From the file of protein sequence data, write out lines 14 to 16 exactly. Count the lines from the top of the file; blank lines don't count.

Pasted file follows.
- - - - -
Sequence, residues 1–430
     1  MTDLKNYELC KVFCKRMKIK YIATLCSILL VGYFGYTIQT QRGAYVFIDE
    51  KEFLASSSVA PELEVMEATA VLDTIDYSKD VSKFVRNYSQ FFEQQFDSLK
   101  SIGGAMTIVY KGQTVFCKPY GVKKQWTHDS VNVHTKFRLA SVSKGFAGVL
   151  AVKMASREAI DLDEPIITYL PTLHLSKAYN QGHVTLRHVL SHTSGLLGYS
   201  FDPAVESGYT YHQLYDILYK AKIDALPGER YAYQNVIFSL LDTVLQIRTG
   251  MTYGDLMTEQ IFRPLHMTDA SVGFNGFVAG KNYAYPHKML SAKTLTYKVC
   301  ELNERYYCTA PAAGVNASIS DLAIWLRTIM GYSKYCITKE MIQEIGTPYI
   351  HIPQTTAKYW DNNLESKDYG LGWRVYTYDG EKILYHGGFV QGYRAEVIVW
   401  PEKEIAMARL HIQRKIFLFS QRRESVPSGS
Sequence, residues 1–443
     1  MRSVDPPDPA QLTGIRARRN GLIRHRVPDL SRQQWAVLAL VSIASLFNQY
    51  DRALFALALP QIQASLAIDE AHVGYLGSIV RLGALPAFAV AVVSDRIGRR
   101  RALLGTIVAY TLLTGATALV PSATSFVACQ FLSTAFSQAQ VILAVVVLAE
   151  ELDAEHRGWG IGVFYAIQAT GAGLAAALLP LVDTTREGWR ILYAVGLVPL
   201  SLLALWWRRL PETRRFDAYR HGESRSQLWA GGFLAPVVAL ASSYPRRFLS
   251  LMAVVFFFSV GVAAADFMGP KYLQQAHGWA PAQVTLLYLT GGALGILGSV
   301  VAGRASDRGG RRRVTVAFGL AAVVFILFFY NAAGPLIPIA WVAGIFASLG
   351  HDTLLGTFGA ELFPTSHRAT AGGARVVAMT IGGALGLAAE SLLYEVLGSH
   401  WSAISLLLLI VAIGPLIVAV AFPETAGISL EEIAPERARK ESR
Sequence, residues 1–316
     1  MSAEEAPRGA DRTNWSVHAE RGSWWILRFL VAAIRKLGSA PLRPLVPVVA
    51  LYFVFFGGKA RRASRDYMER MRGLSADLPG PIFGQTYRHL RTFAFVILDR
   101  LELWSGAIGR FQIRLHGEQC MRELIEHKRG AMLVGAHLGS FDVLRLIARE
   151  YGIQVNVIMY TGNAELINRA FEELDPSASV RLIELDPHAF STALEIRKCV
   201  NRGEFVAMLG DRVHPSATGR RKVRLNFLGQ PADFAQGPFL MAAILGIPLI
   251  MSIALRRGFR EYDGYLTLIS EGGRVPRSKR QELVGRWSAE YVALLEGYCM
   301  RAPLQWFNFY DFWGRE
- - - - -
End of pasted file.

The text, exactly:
   101  RALLGTIVAY TLLTGATALV PSATSFVACQ FLSTAFSQAQ VILAVVVLAE
   151  ELDAEHRGWG IGVFYAIQAT GAGLAAALLP LVDTTREGWR ILYAVGLVPL
   201  SLLALWWRRL PETRRFDAYR HGESRSQLWA GGFLAPVVAL ASSYPRRFLS